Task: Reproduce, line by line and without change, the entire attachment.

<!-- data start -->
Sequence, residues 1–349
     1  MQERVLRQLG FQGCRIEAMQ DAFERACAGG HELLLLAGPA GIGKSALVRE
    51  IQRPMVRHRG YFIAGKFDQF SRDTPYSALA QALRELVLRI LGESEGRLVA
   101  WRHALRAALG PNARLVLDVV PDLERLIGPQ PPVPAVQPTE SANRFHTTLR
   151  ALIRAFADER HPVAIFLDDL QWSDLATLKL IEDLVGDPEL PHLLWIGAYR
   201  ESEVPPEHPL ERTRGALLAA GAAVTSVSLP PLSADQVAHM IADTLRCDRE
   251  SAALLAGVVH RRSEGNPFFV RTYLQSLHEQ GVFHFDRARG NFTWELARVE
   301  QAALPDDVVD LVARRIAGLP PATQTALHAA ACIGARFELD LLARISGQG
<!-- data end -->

Sequence, residues 1–349
     1  MQERVLRQLG FQGCRIEAMQ DAFERACAGG HELLLLAGPA GIGKSALVRE
    51  IQRPMVRHRG YFIAGKFDQF SRDTPYSALA QALRELVLRI LGESEGRLVA
   101  WRHALRAALG PNARLVLDVV PDLERLIGPQ PPVPAVQPTE SANRFHTTLR
   151  ALIRAFADER HPVAIFLDDL QWSDLATLKL IEDLVGDPEL PHLLWIGAYR
   201  ESEVPPEHPL ERTRGALLAA GAAVTSVSLP PLSADQVAHM IADTLRCDRE
   251  SAALLAGVVH RRSEGNPFFV RTYLQSLHEQ GVFHFDRARG NFTWELARVE
   301  QAALPDDVVD LVARRIAGLP PATQTALHAA ACIGARFELD LLARISGQG